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  1. #1
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    Default Eggs by the dozen

    For no particular reason I always buy brown eggs. Invariably there is one egg out of the dozen that is a lot lighter in color. or maybe spotted or something. I always wonder if there is a reason for that or just an anomaly. Anyone have any insight?
    Derfish

  2. #2
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    White chickens with white ear lobes = white eggs dark feathered with red ear lobes brown eggs some speckled all same brown eggs tend be more $$ due to size usuallly bigger egg

  3. #3
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    Quote Originally Posted by lifeisgreat View Post
    White chickens with white ear lobes = white eggs dark feathered with red ear lobes brown eggs some speckled all same brown eggs tend be more $$ due to size usuallly bigger egg
    But my question in my little mind is why one different in every dozen?

  4. #4
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    In South America I’ve eaten blue chicken eggs...

  5. #5
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    Derf
    they don't box the eggs as they drop out of the hen

    Maybe they only had 11 brown ones.....

    Try buying 6 at a time and see if you get a 1/2 & 1/2 ..... as the sixth

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  7. #6
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    Quote Originally Posted by Derfish View Post
    But my question in my little mind is why one different in every dozen?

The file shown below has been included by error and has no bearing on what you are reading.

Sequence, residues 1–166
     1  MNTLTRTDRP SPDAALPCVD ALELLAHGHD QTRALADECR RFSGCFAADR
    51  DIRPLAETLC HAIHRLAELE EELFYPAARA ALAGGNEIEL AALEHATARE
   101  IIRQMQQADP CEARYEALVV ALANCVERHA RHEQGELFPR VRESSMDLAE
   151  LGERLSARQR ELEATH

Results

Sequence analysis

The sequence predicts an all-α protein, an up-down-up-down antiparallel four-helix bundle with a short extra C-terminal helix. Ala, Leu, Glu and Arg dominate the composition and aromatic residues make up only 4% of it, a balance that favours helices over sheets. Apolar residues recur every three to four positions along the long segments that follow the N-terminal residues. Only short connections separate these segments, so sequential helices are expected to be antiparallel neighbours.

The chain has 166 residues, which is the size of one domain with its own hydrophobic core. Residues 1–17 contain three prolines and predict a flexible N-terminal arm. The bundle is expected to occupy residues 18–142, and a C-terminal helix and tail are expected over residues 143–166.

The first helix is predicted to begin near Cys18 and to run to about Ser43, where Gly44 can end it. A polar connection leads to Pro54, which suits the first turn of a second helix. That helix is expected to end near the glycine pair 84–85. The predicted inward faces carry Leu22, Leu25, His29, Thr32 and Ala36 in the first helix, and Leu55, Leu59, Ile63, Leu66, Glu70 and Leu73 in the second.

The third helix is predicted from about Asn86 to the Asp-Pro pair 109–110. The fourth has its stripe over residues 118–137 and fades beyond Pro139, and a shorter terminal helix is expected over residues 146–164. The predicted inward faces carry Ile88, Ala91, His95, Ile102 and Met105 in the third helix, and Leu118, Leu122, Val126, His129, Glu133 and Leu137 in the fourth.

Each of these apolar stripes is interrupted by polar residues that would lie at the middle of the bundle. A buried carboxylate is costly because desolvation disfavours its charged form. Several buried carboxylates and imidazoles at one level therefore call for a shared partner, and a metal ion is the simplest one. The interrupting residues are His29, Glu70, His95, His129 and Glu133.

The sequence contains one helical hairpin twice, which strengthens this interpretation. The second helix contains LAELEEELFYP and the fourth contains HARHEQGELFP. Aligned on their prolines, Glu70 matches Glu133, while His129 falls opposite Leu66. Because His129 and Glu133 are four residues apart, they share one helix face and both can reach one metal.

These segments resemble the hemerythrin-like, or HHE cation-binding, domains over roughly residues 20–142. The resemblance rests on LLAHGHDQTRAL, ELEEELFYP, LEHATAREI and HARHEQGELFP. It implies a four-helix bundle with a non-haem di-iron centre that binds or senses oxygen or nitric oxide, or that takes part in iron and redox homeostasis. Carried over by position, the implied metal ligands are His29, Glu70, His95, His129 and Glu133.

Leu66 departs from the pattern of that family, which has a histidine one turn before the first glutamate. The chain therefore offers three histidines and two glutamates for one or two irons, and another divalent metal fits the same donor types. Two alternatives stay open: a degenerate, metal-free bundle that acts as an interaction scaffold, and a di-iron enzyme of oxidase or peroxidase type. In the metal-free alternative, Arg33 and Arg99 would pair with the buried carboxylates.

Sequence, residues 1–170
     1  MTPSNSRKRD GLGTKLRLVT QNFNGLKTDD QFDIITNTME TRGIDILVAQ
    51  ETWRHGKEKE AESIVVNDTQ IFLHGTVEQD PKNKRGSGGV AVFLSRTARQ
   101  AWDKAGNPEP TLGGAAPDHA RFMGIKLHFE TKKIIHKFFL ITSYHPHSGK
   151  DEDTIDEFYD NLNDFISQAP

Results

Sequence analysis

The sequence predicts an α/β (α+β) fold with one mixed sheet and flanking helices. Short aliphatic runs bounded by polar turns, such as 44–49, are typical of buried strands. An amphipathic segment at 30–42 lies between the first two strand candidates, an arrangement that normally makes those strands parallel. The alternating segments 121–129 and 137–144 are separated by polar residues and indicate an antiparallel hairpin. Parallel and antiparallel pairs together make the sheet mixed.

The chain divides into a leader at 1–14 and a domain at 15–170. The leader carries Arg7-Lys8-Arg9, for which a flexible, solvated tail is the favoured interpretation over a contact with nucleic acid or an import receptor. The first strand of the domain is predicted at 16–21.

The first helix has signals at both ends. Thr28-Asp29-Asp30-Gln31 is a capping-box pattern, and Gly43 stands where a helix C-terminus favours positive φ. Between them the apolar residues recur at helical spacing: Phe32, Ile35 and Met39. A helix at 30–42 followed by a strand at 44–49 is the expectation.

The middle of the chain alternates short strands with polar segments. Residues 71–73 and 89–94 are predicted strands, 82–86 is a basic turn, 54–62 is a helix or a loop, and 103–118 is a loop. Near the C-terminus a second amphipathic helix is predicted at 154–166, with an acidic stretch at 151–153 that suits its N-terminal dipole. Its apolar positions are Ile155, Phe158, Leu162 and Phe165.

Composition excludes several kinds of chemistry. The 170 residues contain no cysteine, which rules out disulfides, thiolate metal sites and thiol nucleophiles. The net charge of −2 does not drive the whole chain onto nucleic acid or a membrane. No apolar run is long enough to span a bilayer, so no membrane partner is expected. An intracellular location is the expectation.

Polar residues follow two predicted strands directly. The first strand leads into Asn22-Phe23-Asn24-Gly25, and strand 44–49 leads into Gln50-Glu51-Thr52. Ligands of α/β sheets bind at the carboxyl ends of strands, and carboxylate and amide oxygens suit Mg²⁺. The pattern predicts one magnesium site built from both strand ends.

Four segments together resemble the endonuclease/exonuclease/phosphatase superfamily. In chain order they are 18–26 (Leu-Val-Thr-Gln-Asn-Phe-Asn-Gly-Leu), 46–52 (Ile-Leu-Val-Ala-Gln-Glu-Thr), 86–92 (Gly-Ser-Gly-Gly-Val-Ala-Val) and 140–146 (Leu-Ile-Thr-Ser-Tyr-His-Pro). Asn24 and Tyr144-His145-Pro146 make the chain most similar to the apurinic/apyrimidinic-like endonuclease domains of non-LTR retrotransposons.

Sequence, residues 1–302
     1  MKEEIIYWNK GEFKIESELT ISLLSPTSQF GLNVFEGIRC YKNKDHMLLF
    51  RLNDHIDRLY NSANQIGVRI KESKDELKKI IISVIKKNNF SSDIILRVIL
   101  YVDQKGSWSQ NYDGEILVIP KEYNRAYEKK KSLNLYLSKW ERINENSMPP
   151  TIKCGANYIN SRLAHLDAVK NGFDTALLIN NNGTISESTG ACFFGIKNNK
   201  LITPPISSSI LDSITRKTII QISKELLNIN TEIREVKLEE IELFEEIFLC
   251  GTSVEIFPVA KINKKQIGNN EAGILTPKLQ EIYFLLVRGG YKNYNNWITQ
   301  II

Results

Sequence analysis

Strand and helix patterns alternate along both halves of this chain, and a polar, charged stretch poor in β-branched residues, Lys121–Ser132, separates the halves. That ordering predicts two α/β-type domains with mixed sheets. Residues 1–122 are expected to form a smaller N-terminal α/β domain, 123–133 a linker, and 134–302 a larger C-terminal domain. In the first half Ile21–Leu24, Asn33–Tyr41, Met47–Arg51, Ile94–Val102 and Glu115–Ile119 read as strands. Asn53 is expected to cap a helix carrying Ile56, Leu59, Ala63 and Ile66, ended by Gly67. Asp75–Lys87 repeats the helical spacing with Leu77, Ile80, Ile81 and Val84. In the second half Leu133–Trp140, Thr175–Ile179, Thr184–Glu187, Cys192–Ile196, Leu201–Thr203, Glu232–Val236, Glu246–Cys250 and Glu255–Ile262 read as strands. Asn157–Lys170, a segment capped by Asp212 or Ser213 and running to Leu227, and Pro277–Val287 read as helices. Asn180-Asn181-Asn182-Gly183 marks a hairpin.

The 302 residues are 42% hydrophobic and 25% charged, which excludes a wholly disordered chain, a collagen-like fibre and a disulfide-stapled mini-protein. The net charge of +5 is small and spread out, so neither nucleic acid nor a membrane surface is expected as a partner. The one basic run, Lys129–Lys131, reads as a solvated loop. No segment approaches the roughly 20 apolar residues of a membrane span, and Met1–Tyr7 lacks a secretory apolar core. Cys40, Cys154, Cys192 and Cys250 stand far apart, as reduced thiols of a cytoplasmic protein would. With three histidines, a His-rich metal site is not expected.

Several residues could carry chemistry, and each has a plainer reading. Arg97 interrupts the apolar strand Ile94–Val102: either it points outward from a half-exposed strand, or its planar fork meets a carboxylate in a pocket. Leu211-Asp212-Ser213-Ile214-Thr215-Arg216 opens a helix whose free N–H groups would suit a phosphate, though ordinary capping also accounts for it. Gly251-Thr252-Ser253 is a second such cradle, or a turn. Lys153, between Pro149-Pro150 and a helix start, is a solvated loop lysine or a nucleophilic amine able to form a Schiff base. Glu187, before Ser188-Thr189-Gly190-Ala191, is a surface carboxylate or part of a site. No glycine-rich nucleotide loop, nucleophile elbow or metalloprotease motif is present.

Probably the same reason that there always seems to be one almost rotting onion in the net bag.
    They're trying to pass it off.

  8. #7
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    Besides breed and genetics, diet and stress level in the hen can affect egg pigment. As hens age, the pigment in their eggs tends to lighten as well.

    Blue eggs come from a breed called Araucanas, but also from “Easter Egger” chickens. That variety can produce a wide range of pigments, from dark brown, blue, green, yellow, and even light pink.

    Source 1: I was a farm kid

    Source 2: https://www.farmersalmanac.com/what-...chickens-11097

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  10. #8
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    In modern processing & packaging facilities produce and uniform products such as eggs are washed and optically scanned for defects or blemishes. Products that don't pass muster are kicked off the conveyor belt and sidelined. So back home all your eggs are brown and pretty much the same size.

    Here in the DR I'm guessing that level of automation is a rarity as eggs do not regularly get washed and I am confident are placed in the containers by a horde of manual packaging employees. Thus products in a particular package are subject to some minor variations as employees pack away to keep their production numbers up.

    As mentioned, hens can lay eggs with an off colour shell or yolk for a variety of reasons but the egg itself should be fine to consume provided it is relatively fresh. I am sure a purple egg would be passed over, however, a lighter shade of brown or a speckled shell probably would still make it to market. Expecting uniform conformity in produce products seems to be a 1st world obsession among consumers.

    In short, minor variations in eggshell colour is not a big deal here for most consumers. You have the ability to check colour consistency when you select which package of eggs you purchase.

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    One thing is for sure, the eggs you see in colmados ( generally in a 24 " box " ) are washed. Garanteed.
    An unwashed egg looks like something that was dragged through a hen's backside.

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  13. #10
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    Quote Originally Posted by malko View Post
    One thing is for sure, the eggs you see in colmados ( generally in a 24 " box " ) are washed. Garanteed.
    I don't think that is correct because a washed egg needs to be refrigerated

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